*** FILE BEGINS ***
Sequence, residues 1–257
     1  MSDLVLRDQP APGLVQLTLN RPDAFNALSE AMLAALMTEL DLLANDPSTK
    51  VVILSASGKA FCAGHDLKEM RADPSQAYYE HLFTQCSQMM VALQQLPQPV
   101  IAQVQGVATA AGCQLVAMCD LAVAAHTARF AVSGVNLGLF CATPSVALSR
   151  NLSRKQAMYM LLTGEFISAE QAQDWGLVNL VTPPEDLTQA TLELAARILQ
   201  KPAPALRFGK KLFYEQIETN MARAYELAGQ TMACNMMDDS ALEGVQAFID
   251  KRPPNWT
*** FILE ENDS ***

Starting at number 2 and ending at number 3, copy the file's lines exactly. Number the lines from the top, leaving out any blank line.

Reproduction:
     1  MSDLVLRDQP APGLVQLTLN RPDAFNALSE AMLAALMTEL DLLANDPSTK
    51  VVILSASGKA FCAGHDLKEM RADPSQAYYE HLFTQCSQMM VALQQLPQPV